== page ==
‘Traitors’: Milei rails against deputies who rejected omnibus bill articles

The government also accused governors of ‘destroying’ the bill in an attempt to protect their interests

In a dramatic move on Tuesday night, Argentina’s Lower House returned President Javier Milei’s entire omnibus bill to congressional commissions, wiping out weeks of negotiation. The government seethed at deputies and governors, whom they accuse of tanking the session.

President Javier Milei called deputies who voted against articles of the bill “traitors,” accusing them of taking advantage of the rhetoric of change to “swindle” a seat in Congress. Milei is currently in Israel on an official visit and made all his comments regarding the issue on social media.

“Here’s a list of the loyal ones and the traitors who used the discourse of change in order to swindle a [Congressional] seat… Come and see the enemies of a better Argentina,” Milei said in a post on X, quoting a post by the presidency’s official account listing deputies’ votes. 

The list of “traitors” featured 61 names, including members of the so-called “moderate opposition,” like Nicolás Massot and Florencio Randazzo, from Hacemos Coalición Federal (HCF), as well as Facundo Manes, Julio Cobos, and Martín Tetaz, from Unión Cívica Radical (UCR). 

The most notable name on the list was Carolina Píparo, who ran for Buenos Aires Province governor as a La Libertad Avanza (LLA) candidate last year and has since distanced herself from the party. The list of “loyals” featured 90 names, including all LLA deputies and Cristian Ritondo (PRO), Miguel Ángel Pichetto (HCF), and José Luis Espert (Avanza Libertad, AL).

In a separate post, the government said that the governors “destroyed” the omnibus bill in an attempt to protect their interests and impede the current administration from solving Argentina’s “structural” problems.

“They won their positions and seats, waving the banner of change, only to betray their voters. We will no longer engage in debates with those who demand to keep their privileges while 63% of Argentine children have nothing to eat,” the statement read. 

President Milei has had a fragile relationship with governors and deputies since the beginning of his term. In late December, shortly before sending the omnibus bill to Congress, Milei called lawmakers a “delinquent cast set out to get bribes and perpetuate the decadent status quo.” The government has drawn a hard line with the provinces, refusing to negotiate additional sources of tax revenue that governors requested in return for approving key parts of the omnibus bill.  

The 10 Juntos por el Cambio (JxC) governors released a statement Tuesday night claiming they supported the requests the government made in the omnibus bill, adding that they had lived up to their commitment to “help” the new government receive the tools they deemed necessary to “transform” Argentina. 

“Placing the blame solely at our feet or disrespecting us by hurling accusations of incompetence or a lack of will to discuss things is not right,” read the release. 

Massot was one of the deputies singled out as a “traitor” who defended himself from the accusations, calling the government’s method of publishing lists “a reminder of some of the darkest periods of recent history.”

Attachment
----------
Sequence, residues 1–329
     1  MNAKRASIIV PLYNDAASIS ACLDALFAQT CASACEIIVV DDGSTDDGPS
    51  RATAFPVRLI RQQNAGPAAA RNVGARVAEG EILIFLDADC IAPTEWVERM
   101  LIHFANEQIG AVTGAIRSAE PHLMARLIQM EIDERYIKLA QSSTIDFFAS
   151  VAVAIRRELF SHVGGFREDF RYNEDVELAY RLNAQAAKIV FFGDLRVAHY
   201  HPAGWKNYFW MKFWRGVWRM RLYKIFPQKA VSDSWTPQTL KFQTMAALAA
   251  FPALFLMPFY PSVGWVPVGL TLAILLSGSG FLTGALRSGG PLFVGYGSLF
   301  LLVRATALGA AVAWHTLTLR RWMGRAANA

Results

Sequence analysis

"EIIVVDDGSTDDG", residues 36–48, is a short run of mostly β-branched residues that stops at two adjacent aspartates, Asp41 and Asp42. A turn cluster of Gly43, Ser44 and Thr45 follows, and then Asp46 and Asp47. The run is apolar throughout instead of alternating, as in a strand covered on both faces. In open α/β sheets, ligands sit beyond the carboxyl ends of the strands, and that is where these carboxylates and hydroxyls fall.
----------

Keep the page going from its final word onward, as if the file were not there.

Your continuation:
“The responsibility for this parliamentary setback is due exclusively to the [president’s] inexperience, lack of dialogue, and utter disinterest in the need to build consensus,” he wrote on X.

Interviewed outside Congress, the head of the UCR bloc, Rodrigo de Loredo, said that he felt “somewhat naïve” for believing that the bill could pass. 

“We are reformists, so that means that reforms happen when you build them,” he said, wiping away tears.“There was a great opportunity, but the usual fundamentalists come along and sink us as a country.”

Itai Hagman, deputy for Unión por la Patria told the Herald that what happened was a “brutal political setback” for Milei’s government. He explained that when the Lower House was about to vote on the privatization of state-owned enterprises, LLA asked for a recess and held a meeting but couldn’t reach an agreement with the so-called moderate opposition. “Thanks to the government’s inability to make some concessions in order to get the bill out, well, it ended up being left without the bill,” the deputy said.

“My diagnosis is that the government acted with enormous arrogance and an enormous lack of expertise,” Hagman said, adding that Argentines found out about the bill’s contents thanks to the numerous protests against it. “This is an important limit to what was an assault by the executive branch on Congress, but that doesn’t mean that it is over — the mega-decree is still in force and we are demanding for it to be discussed in Congress.”

Security Minister Patricia Bullrich said that the bill was not voted on because “the status quo is always ready to leave things as they are.” 

“Yesterday, the change went backward, but we are going to do it another way, they are not going to stop us,” the minister added in an interview during the burning of confiscated drugs in the Buenos Aires town of El Talar.


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